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A caparison is a covering, or cloth, laid over a horse or other animal, especially a pack animal, or horse of state. In modern times, it is used mainly for decoration in parades and for historical reenactments. A similar term is horse-trapper.
Trapper or Caparison is medieval horse blanket (also called shabraque), which is a saddlecloth used by medieval knights taking part in medieval hose tournaments. Tournamentsand hastiludes began in the eleventh century as both a sport and to provide training for battle. Usually taking the form of a melee, the participants used the horses, armour and weapons of war. The sport of jousting grew out of the tournament and, by the fifteenth century, the art of tilting became quite sophisticated. In the process, the pageantry and specialization became less war-like, perhaps because of the knight's changing role in war.
In the Middle Ages, caparisons were part of the horse armour known as barding, which was worn during war or tournament. They were adopted in the twelfth century in response to conditions of campaigning in the Crusades. An early depiction of a knight's horse wearing a caparison may be seen on the small Carlton-in-Lindrick knight figurine from the late 12th century. Modern re-enactment tests have shown that a loose caparison protects the horse reasonably well against arrows, especially if combined with a gambeson-like undercloth underneath.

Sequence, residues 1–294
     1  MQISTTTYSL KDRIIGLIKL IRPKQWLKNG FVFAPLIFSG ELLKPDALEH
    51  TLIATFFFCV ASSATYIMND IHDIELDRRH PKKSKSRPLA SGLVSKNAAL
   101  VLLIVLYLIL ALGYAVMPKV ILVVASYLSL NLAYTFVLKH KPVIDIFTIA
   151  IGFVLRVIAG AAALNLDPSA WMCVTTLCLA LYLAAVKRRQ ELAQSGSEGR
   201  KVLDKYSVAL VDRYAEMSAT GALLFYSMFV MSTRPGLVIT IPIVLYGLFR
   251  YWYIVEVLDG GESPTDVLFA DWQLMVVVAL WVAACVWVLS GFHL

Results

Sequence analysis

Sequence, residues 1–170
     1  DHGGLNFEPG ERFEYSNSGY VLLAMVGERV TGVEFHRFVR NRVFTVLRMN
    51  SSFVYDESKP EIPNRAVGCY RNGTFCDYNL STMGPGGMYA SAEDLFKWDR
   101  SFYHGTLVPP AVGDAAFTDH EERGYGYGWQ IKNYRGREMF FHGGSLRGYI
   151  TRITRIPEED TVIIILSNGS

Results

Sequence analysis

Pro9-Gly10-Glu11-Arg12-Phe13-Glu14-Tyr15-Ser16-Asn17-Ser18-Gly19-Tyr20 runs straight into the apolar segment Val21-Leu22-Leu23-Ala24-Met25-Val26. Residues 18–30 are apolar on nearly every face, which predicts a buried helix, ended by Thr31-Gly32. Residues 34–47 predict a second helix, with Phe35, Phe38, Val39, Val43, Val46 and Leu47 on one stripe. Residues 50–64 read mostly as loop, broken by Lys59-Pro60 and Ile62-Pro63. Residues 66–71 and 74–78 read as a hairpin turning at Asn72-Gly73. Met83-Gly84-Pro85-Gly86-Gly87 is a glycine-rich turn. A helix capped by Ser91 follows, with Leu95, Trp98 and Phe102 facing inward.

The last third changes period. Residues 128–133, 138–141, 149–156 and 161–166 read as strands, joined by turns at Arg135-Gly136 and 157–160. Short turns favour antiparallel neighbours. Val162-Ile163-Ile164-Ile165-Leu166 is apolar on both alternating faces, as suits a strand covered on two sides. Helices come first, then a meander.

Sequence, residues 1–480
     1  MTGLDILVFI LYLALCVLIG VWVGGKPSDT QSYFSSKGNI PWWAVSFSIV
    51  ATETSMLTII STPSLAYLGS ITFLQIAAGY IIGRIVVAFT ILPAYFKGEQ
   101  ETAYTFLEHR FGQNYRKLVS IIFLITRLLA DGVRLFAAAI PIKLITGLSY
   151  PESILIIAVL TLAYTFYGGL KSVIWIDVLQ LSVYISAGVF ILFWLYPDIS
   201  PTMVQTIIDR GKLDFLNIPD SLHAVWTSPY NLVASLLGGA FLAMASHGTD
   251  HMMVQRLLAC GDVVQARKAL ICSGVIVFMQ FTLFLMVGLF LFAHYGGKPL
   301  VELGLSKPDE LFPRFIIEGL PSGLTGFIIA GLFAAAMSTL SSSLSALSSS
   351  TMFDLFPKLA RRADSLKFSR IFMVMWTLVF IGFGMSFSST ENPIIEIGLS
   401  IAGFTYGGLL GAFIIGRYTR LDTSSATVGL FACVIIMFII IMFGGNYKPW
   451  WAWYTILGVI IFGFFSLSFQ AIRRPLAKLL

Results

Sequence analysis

Dear customers from Switzerland, we are very sorry that we cannot deliver swords, daggers, sabres, maces, combat axes, flails etc. to your country. We meet with bureaucratic obstacles at all products that either are or just look as a weapon again and again. We receive all consignments to Switzerland automatically back with an explanation "subject to the import permit." Our logistics partners told us the following: "both goods that are sold only to persons over 18 years and goods that merely look as weapons are subject to import permit. (For example: toy guns are sellable without restrictions in Switzerland, BUT are subject to import permit issued by the Swiss authorities!)". We have found only the following solutions so far: (1) The customer secures collection at our address in the Czech Republic himself (his logistic partner can handle this procedure better), (2) the customer gives us a delivery address in the EU. The disadvantage is that we have to charge the VAT tax in both cases.